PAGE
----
Howard Peter Brubeck, was interested in music and enjoyed playing cowboy tunes on his harmonica . . .
". . . In 1938 Howard Brubeck was graduated from San Francisco State College and then worked with Domenico Brescia, Margaret Prall, and Darius Milhaud at Mills College where he obtained his Master's degree in 1941. His first teaching experience was obtained in his Alma Mater, the Mount Diablo Union High School in Concord, between 1939 and 1944. After this he joined the faculty at Mills College as assistant to Milhaud and, in 1950, was appointed the Head of the Composition Department at San Diego State College. In 1953, he was invited to become the Chairman of the Music Department of Palomar College, California."
He is currently Dean of Humanities there.
Howard Brubeck has successfully combined various musical elements, including jazz, in his compositions.
He begins his annotation of Brandenburg Gate: Revisited by quoting from Thomas Morley's Pluine and Easie Introduction to Practicalle Musicke (1597):
" 'And you shall find no point so well handled by any man, either Composer or Organist, but with studie either he himselfe or some other might make it much better . . .'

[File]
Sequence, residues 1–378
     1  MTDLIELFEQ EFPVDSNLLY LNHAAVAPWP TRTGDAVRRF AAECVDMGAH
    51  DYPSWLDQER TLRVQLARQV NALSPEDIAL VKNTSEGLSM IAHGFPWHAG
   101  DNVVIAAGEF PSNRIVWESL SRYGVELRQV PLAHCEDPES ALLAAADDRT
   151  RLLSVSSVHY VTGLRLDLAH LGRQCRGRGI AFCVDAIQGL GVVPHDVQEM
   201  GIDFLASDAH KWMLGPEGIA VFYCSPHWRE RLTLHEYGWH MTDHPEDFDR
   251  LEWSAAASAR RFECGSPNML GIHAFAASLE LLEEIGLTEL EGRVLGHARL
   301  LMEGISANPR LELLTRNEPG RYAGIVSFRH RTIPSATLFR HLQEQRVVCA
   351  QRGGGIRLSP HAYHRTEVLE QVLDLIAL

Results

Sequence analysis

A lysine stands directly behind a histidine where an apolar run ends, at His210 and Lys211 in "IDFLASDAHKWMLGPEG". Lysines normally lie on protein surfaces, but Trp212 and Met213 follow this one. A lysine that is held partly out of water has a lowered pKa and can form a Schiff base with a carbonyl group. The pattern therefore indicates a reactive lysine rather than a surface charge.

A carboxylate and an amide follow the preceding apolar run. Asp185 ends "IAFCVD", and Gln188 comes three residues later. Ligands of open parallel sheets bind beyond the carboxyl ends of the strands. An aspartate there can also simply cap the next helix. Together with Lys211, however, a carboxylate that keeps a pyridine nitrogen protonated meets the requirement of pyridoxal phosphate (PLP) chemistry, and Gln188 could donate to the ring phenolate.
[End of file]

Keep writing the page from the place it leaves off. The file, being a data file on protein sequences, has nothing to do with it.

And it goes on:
"The purpose of providing an orchestral setting for Brandenburg Gate is not that we presume to make it much better, but rather that we wish to experiment with the improvisational process . . .
". . . At times the orchestral part dominates and leads the way; at times it is a partner in counterpoint (the orchestra's line written, the soloist's improvised). On other occasions the orchestra remains silent or plays a modest pastel over which the jazz soloists weave their own melodies ... In working with orchestra, Dave Brubeck has aligned himself with a pattern found often in the history of music. From the Middle Ages to the present, it is customary to find the musical vernacular of the day making its way into the serious music of the day. One might offer as an early example the polyphonic masses of the fifteenth and sixteenth centuries based on secular tunes such as 'L'Homme Arme,' a fifteenth-century 'pop tune,' which was used by some thirty composers, including Palestrina, as the basis for masses. Or one might cite the dance forms of the eighteenth century which found their way into Bach suites and the symphonies of Haydn and Mozart. Dave has expressed the belief that there is much in the popular music of our own period which has equal validity and should be used in our concert halls if such places are to be anything more than museums of the past.